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Gov. Cuomo seeks state legislature bypass in New York fast-food wage fight

Labor campaigns hail creation of wage board as a positive first step in fight to increase low wages

New York Gov. Andrew Cuomo intends to create a state wage board to force through a minimum pay hike for fast-food workers without legislative approval — a development welcomed as a first step by wage activists.

In an op-ed in the New York Times on Wednesday laden with historical analogues and the broad theme of fighting economic inequality, Cuomo wrote of his intention to ask the New York state labor commissioner to put in place a panel “to examine the minimum wage in the fast-food industry.

“Through the Wage Board, New York can set fast-food workers on a path out of poverty, ease the burden on taxpayers and create a new national standard,” he wrote.

The use of a wage board to raise pay outside of the legislature has precedent, including under Cuomo’s own tenure: earlier this year, the state’s labor commissioner raised the wage of tipped workers to $7.50 per hour, an increase that will go into effect later this year.

Cuomo previously raised the general state minimum wage in 2013 to $8.75 per hour, but his intention in his January budget to raise the wage to $11.50 per hour was rejected the state legislature.

Prompted by that decision, the governor is now seeking a way to raise wages by other means. 

Cuomo was set to instruct the labor commissioner to start investigating the issue on Thursday, and if in several months the wage board determined fast-food wages were insufficient, the New York governor indicated its recommendations could become state law without the legislature’s involvement.

Cuomo’s decision was likely spurred by national and state labor organizing efforts in the past three years demanding higher wages for workers in the fast-food industry to as much as $15 per hour, as well as the ability to unionize.

"Some argue that we can close the income gap by pulling down the top," Cuomo wrote. "I believe we should do it by lifting up the bottom. We can begin by raising labor standards, starting with the minimum wage."

Cuomo connected the fight for increasing fast-food wages to the state legislature’s reluctance to act on the general minimum wage issue in his January budget, though it is not clear whether legislators could have supported a standalone effort to raise wages in that specific industry.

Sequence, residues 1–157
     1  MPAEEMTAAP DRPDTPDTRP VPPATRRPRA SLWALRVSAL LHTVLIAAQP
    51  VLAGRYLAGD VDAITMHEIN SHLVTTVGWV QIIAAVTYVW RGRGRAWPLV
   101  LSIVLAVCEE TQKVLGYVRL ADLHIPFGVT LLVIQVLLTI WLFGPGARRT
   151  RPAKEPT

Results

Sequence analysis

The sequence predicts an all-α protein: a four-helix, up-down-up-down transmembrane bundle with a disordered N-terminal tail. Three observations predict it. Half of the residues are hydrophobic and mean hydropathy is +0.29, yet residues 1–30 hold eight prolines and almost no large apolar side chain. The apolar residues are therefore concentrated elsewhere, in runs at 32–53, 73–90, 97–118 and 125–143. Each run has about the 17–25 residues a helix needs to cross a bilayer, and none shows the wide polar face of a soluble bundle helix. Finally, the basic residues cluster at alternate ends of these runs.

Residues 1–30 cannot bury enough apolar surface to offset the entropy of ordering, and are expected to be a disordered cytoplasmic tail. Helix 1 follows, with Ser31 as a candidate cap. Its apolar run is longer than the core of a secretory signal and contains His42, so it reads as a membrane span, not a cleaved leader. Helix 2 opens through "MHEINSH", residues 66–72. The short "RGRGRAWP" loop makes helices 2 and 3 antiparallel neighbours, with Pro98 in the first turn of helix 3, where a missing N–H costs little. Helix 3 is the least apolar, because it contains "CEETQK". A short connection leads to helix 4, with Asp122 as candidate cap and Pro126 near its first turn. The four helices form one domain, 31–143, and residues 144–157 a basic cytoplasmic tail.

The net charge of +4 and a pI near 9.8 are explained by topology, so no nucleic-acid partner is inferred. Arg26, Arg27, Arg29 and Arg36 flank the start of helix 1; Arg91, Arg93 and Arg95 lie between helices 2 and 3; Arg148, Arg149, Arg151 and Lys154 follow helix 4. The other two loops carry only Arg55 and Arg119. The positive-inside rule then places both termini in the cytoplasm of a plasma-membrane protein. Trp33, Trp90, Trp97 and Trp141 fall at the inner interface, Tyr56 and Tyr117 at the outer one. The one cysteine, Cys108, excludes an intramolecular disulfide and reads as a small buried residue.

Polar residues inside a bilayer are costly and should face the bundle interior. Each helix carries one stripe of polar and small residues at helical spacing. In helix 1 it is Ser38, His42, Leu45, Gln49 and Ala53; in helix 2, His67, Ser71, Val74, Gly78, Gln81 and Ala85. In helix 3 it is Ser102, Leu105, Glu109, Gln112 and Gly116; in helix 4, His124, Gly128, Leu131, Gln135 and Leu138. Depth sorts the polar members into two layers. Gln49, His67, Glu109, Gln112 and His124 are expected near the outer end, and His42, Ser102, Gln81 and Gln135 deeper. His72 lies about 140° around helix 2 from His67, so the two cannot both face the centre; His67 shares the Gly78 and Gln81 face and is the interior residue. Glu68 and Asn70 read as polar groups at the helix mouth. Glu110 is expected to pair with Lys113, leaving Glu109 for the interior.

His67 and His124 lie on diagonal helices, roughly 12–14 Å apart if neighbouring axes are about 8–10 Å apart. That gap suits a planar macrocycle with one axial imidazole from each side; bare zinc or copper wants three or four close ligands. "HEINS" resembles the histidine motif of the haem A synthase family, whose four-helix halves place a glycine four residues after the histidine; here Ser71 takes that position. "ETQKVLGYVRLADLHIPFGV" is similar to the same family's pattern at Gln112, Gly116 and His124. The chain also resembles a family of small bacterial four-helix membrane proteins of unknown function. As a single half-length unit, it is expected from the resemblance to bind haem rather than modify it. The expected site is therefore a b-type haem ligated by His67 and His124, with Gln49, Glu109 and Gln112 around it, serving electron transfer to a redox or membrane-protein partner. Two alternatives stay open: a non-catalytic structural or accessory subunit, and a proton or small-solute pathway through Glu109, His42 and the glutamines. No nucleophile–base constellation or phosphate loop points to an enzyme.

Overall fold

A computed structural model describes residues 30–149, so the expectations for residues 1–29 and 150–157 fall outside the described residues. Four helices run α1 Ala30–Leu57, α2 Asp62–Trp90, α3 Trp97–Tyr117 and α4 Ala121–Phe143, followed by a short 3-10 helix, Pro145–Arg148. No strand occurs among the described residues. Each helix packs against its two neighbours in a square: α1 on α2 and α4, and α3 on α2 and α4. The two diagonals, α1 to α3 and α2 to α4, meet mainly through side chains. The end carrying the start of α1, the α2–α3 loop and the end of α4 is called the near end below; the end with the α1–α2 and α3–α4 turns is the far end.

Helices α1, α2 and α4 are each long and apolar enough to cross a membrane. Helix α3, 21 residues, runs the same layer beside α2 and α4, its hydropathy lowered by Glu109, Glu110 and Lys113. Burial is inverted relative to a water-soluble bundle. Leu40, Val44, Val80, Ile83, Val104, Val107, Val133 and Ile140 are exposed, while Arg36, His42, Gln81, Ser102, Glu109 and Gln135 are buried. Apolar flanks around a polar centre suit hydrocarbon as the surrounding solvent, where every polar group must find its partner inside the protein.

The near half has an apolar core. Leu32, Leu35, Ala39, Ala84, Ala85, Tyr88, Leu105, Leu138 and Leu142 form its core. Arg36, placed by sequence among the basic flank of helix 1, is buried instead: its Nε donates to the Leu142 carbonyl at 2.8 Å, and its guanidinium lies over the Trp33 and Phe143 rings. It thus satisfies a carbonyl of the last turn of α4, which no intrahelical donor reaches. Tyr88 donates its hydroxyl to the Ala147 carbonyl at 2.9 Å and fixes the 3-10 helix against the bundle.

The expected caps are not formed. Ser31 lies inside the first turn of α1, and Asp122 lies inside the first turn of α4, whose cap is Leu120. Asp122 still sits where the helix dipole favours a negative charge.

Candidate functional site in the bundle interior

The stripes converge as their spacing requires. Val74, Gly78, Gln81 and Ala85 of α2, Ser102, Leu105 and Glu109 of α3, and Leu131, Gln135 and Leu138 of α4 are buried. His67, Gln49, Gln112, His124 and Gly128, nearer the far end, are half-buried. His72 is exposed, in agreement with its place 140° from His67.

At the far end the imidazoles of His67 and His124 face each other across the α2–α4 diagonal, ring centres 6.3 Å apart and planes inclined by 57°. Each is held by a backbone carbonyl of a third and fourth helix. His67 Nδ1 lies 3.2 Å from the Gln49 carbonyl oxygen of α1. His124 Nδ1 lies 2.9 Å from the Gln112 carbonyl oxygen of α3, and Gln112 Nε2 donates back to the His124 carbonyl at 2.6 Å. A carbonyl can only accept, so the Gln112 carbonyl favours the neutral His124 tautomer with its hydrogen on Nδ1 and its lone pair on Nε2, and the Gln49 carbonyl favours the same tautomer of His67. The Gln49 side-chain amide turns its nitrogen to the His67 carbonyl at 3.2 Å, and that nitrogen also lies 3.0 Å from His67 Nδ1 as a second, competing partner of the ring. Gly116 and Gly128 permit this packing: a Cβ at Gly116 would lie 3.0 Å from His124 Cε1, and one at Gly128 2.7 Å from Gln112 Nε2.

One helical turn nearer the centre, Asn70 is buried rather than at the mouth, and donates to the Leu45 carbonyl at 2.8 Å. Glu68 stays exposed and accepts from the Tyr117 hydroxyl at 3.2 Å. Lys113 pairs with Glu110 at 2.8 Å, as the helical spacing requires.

Still, the action will likely be seen as a boon for labor campaigns that have sought to elevate the issue of low wages into a major national issue worthy of urgent political attention. And labor groups are likely to urge Gov. Cuomo to use his executive authority through a wage board to go beyond just fast-food workers.

“Wage orders may raise the wage for specific occupations, or for all occupations in the state … if the Governor determines that conditions so warrant,” read a fact sheet released by the National Employment Law Project, which supports increased protections and higher wages for workers.

Fight for $15, a fast-food labor campaign that has been heavily involved in the fast-food campaign since its inception in New York in 2012, hailed Cuomo’s Wednesday op-ed as partial vindication of their efforts. “This is what happens when workers join together, go on strike and demand $15,” the campaign’s website said.

The campaign launched a protest last month to raise fast-food wages in 200 U.S. cities and more than 40 countries.

Business interests, both in New York state and nationally, have fought tooth and nail to try and stem the gains made by various minimum wage campaigns.

“Singling out a sector of one industry to have a higher minimum wage than all other occupations is unfair and arbitrary," said Melissa Fleischut, President & CEO of the New York State Restaurant Association, a lobbying group for the restaurant business, in reaction to Cuomo’s intentions. "The minimum wage is rightfully set by the legislature and should affect all businesses equally."

Meanwhile, campaigns to increase the broader minimum wage have made gains across the country in recent years.

Last month, Seattle put into effect a 2014 minimum wage law that will ultimately see per-hour pay rise to $15, the largest of any major U.S. city.

Last year, San Francisco voter approved a ballot measure that would see the city’s minimum wage increase to $15 per hour by 2018.

And on Tuesday, neighboring Emmeryville, in the greater San Francisco Bay Area, gave initial approval to a measure that would set the baseline pay at $16 per hour by 2019. The community of about 10,000 will decide whether that initiative receives final approval in a final May 19 vote.

"Just as our workers are creative enough to make a living off of minimum wage and support their families, I think our businesses will be creative enough to make it work and we'll all lift up together," Emmeryville City Councilwoman Dianne Martinez said at the meeting on Tuesday.

With Reuters

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